Just for the hell of it, I spent no more than 5 minutes...

Wow, really? That's five minutes you'll never ever get back. And what have you shown? Something as generic as whatever.

Maybe not the best in the world,

You got that right. Even the clip art is all wrong ...fly fishing with that gear ...fly fishing for pike? I guess. And the fonts are hideous to the purpose.

starting place for someone to explore

Um ya, like what not to do?

I think there's so much really nice work to be done with that business, including using modern typography techniques.
n.

oobimichael's picture

@5star... my intention was, indeed, to provoke a dialogue about how "snarky" certain people get about a small foundry/outlet such as Lost Type, or 10 Dollar Fonts, etc... the choice of the font or artwork is not the designer's choice, nor really even the client's... there is a "natural" voice that is wanting to come out... and the designer/consultant/client and potential customer need to come together to listen to that natural voice...

And to answer your "snarky" question about what it is that I do not do: in a previous life, I worked on creating and expanding technology transfer laws and institutions throughout the world. Later, I became the chief economic strategist for German Reunification and a counselor to the Holy See. And now, have settled down to establish a new paradigm of global socio-economics. You can read our free ebook here: www.wealthbeyondnations.com (which by the way, was not very well set, typographically... the 3rd edition, hopefully, will be much better)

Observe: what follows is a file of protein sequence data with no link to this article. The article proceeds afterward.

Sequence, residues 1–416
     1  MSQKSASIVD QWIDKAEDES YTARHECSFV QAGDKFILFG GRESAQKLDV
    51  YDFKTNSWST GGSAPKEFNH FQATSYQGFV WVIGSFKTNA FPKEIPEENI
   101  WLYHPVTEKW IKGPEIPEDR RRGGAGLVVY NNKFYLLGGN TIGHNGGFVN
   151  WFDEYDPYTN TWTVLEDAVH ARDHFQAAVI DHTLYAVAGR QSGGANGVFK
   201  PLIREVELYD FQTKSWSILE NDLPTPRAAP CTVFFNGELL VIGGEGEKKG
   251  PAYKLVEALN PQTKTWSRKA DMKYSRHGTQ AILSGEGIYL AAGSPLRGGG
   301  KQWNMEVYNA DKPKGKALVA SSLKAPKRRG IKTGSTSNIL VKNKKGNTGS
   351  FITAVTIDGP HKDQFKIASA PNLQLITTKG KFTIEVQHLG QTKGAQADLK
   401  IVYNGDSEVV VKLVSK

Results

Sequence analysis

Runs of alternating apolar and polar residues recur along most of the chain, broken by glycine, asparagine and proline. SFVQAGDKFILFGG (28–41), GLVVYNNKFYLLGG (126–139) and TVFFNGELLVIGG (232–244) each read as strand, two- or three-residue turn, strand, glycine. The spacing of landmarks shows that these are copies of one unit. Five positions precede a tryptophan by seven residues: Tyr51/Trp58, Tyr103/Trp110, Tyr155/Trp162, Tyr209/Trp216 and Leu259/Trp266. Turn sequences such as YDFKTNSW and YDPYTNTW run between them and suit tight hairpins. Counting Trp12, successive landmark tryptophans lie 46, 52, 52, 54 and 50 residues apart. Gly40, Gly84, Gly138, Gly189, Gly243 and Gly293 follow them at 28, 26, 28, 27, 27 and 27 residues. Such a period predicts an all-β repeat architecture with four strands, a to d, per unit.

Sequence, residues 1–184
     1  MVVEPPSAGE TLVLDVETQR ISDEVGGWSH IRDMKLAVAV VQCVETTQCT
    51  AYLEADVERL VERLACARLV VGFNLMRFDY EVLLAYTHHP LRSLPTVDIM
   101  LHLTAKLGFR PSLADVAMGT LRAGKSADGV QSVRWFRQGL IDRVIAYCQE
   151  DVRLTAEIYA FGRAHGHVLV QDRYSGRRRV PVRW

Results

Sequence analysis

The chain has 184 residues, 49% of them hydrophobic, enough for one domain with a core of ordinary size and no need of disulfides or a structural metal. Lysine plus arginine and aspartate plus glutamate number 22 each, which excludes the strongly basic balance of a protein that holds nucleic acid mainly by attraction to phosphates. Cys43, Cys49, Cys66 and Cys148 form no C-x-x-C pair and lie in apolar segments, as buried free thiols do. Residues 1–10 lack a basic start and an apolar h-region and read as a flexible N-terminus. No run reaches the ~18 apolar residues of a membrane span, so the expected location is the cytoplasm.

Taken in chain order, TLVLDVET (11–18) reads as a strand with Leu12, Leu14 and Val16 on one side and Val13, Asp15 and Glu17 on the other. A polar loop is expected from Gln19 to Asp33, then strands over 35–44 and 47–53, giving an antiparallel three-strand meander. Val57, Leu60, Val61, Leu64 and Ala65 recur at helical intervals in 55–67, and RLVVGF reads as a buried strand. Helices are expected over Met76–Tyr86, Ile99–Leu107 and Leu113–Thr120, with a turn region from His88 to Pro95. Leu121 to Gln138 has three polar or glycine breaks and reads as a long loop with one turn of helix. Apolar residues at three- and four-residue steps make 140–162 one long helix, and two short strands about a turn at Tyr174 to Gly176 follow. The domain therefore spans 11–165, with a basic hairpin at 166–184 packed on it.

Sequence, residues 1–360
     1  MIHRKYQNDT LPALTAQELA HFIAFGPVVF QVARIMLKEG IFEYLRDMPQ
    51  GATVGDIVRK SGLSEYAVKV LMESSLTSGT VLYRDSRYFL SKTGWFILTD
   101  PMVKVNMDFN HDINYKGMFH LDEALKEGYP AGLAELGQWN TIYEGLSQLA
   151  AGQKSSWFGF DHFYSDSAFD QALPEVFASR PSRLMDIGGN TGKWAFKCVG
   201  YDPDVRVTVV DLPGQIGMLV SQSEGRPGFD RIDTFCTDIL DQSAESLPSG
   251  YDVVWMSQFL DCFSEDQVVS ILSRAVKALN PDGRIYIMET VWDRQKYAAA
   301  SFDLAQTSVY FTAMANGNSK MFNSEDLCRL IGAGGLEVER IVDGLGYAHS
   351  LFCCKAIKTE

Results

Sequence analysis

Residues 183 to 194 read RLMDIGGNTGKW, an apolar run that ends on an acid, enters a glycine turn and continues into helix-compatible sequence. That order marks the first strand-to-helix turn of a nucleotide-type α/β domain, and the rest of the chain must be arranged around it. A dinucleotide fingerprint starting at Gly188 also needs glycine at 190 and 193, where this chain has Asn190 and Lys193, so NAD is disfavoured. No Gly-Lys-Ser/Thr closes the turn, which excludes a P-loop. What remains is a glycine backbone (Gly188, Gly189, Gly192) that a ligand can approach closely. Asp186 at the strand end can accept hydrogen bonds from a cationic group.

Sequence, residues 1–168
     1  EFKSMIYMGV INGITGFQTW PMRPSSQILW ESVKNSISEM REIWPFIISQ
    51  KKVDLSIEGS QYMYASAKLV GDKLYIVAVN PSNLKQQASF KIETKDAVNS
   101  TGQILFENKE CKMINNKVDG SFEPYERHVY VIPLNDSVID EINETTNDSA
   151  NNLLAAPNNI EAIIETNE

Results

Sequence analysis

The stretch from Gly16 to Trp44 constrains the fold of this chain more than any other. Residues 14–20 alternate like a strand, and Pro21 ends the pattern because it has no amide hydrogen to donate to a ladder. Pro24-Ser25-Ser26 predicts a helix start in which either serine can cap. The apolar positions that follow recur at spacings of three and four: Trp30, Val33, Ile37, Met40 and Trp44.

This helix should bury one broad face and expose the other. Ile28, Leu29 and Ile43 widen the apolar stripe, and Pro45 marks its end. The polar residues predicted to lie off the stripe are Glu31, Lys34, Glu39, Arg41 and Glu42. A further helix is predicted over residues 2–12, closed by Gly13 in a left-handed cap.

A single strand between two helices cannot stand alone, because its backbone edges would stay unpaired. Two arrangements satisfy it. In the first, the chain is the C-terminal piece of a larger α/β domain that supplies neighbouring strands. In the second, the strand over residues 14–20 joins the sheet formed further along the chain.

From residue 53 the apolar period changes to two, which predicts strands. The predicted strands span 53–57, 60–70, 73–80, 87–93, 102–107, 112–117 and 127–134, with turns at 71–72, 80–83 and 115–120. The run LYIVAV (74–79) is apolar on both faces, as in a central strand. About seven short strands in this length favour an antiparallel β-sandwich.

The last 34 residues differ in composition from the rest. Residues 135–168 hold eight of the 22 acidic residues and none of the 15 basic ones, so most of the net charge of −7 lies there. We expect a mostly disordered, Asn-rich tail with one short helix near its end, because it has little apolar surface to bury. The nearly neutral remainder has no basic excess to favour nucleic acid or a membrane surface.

I just happen to appreciate typography (both the art and its economic relationships). (and I like to stimulate dialogue in the old Abraham Lincoln way ;)

apankrat's picture

Shane, try this way - http://logopond.com/search/?search=fishing - pick the logos you like, note the designer, get in touch and ask for a quote.

hrant's picture

Small foundry ≠ cheap crap.

hhp

JamesM's picture

Shane's lack of response is making me wonder if he posted the question just to plug his business. But hopefully he's just out fishing and will join back in the discussion.

tmac's picture

Wow, this thread is garbage.

The advice is nearly a cliche of the stupidest things to do:
1. Go to the print shop/copy shop
2. Here's an irrelevant clip art POS
3. Go to logopond
4. Hire Jessica Hische! Sounds good. Hire Sagmiester too. Have Mathew Barney do your TV spots. Hire Alexander McQueen to do your fishing vests. Too bad Bruno Munari is gone -- he could have done you a kreel.

Shane: